Once I’d given up my day job training teachers of English, teaching in classrooms and managing IELTS tests, I was able to spend more time overseas working online with organisations like E2Language. For several years now I’ve been working in central Viet Nam. I work closely with Vietnamese staff from an NGO I assist my wife to run, and one of my jobs has been to help them to become better users of English.

We cover all the four skills, reading, listening, writing and speaking. The last two are the ones we focus on most. For many Vietnamese students, English pronunciation is usually their number one target for improvement. For the staff at the NGO, this is because the part of their work they find most challenging is to speak and make presentations to the NGO’s clients. Most of their audience are from English speaking countries. They are also now doing more talks in public and are keen to be able to speak naturally with pronunciation which will be easily understood by their largely foreign audience.

Why is English pronunciation so difficult for Vietnamese students?

Many if not most of the individual sounds in English are pronounced differently from those in Vietnamese. These sounds are mostly represented by single letters and also by combinations of two or more letters. You can practise getting these individual sounds correct but the reality is that many of the Vietnamese speakers I work with find there’s just too much going on when they’re speaking to give attention to how they are producing small parts of what they are saying. Why? Because speaking a foreign language is hard! When we’re talking our brain is used to think of what we’re saying and how to say it. There’s little RAM left to correct pronunciation!

So what to do to improve your English pronunciation?

Work on your sentence stress first.

English has so many differences from Vietnamese. There’s one worth paying attention to more than all the others. If you can focus on this one aspect of pronunciation, you’ll be on your way to speaking more naturally. This is sentence stress.

Vietnamese words are all given more or less the same stress in a sentence. Even if you’re not a Vietnamese speaker this may apply to you. This means you give more or less the same emphasis to each word, which also means the same amount of time. This is not so in English. Take this sentence as an example:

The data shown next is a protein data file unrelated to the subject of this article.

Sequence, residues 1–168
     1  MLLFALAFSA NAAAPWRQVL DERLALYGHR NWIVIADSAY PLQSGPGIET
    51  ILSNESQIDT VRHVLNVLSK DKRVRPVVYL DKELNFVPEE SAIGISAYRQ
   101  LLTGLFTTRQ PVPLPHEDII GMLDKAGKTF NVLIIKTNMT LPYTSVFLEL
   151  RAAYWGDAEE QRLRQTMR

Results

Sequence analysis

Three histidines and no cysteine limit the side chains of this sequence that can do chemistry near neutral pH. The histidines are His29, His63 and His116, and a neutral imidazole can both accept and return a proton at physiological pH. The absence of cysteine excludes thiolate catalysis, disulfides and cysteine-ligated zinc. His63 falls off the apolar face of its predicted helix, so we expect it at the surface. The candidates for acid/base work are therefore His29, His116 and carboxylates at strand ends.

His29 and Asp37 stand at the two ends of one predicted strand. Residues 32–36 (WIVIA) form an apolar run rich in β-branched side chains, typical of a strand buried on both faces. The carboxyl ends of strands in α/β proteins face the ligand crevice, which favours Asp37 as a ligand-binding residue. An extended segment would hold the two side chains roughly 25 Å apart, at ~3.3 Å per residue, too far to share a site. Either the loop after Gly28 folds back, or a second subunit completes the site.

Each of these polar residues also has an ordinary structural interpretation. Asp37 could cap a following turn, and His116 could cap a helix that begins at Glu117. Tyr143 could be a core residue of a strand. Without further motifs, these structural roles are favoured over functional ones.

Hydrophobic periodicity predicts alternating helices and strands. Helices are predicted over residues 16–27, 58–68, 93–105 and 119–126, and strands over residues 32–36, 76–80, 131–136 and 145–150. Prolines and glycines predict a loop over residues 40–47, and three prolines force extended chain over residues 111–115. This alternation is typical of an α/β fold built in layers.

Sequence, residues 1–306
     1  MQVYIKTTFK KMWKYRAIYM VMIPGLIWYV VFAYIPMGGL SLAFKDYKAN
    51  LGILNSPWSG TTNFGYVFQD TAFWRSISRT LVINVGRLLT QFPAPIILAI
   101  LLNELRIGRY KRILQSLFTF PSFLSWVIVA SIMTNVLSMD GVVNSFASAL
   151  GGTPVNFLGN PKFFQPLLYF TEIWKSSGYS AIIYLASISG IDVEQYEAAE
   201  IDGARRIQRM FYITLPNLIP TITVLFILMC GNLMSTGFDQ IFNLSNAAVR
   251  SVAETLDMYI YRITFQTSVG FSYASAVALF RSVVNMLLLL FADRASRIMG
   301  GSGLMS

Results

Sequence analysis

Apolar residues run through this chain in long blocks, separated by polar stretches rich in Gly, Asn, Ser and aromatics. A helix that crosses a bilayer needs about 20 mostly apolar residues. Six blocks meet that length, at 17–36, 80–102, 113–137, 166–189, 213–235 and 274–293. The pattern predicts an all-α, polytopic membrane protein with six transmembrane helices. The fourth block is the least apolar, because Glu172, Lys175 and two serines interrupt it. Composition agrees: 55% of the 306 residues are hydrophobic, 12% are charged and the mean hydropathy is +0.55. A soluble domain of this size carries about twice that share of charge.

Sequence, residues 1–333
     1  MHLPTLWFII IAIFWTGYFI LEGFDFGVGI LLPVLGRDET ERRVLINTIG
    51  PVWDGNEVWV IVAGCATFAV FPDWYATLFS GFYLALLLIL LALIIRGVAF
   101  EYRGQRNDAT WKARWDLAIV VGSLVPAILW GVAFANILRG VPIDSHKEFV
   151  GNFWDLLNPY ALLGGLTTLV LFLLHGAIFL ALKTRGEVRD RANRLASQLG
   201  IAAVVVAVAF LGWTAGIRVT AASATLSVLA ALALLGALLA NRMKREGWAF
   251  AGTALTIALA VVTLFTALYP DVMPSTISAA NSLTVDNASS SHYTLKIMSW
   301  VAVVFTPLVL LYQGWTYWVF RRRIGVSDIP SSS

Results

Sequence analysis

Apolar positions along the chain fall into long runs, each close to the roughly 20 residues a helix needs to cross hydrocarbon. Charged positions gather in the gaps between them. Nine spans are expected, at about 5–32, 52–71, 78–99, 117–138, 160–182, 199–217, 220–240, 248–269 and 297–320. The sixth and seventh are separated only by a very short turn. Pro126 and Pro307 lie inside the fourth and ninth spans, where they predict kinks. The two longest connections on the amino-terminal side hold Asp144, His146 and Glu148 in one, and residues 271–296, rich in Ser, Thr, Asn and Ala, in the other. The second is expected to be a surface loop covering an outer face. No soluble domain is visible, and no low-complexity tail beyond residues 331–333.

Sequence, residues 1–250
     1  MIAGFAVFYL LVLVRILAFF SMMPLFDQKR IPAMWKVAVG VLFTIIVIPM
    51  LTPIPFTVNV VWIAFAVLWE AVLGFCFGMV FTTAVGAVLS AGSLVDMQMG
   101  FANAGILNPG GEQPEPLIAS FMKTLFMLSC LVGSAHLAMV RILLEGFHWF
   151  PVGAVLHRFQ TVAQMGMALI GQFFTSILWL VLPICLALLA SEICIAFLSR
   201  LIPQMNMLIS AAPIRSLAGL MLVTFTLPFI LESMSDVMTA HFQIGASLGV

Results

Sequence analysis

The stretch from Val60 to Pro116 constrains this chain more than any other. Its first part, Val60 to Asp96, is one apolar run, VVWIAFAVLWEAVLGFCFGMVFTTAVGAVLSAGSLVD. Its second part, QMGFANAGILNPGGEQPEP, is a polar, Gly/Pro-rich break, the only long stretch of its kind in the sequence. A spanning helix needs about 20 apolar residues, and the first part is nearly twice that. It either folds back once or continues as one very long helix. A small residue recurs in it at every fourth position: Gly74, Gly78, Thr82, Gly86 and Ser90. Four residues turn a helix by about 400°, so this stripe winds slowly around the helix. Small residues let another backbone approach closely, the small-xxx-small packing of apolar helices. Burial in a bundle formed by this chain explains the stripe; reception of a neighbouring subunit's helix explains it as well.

‘What do you think you’ll be doing tomorrow?’

When we ask this question there are four words or parts of words (syllables) that we give greater stress to. They are ‘What’, ‘think’, ‘doing’ and ‘tomorrow’. If we just say these four words to our friend there’s a good chance she’ll understand the question. ‘What think doing tomorrow?’ ‘Oh I’m just going to chill out at home’.

So what happens to the other words that carry less meaning and are therefore given less stress? We give them less time, and often the sound of the vowel in these words changes and words get joined together in something called elision – I’ve marked this with a ‘_’. Take ‘do you’ for example. This ends up as ‘dyou’ because we’re moving on fast to the next word ‘think’ which is more important (carries more meaning). The listener knows you are talking to her so the ‘you’ is understood even though you can hardly hear it. So the sentence goes like this:

‘What_dyou think_you’ll be doing tomorrow?’

Note that the first syllable of tomorrow ‘to’ loses it’s ‘o’ sound and becomes /ə/ because it’s not stressed. This doesn’t happen in Vietnamese – vowel sounds don’t change. (though the way you say them varies depending on where you are in Viet Nam!)

Try it yourself…

Now when I first got our staff to do this by parroting – copying – me their reaction was fascinating. When I asked how did it feel talking like that they all said something like ‘strange’. To me it sounded so much more natural but to them it sounded kind of weird. They were happy but at the same time, because the rhythm of what they said had moved away from the rhythm of Vietnamese towards that of English, it sounded foreign – a good thing I thought but it didn’t ‘feel’ right to them.

There are of course plenty of other elements of English which are different from Vietnamese but try getting the sentence stress or rhythm flowing more naturally and those other bits will start to follow on and not get in the way of understanding so much.

If you find this helps then I’ll cover things like intonation, individual letters, end of word consonants and clusters in another post. Let me know how you go.

Here are a few more sentences to have a go at. Hope you find them useful. Try making up your own and marking the words or syllables you’re going to give more stress and time to. Once you think you’re sounding more natural, which probably means it’s feeling a bit strange, record yourself on your mobile and listen. It’ll take a while to change, but remember you’re reprogramming your brain.

1. I’ll pick_you up_at seven. That’d be great.

2.What_do_you miss about life in your country?

3. We’re going t/ə/ the beach. D’you want_t/ə/ come?

If you want more help with your speaking, or any another aspect of your English, my colleagues at E2language are here for you. That is here online around the globe from Indonesia to Brazil, from Korea to France. Hope to see you soon.

Graeme Burn
IELTS Expert
Dip TEFLA, M Ed

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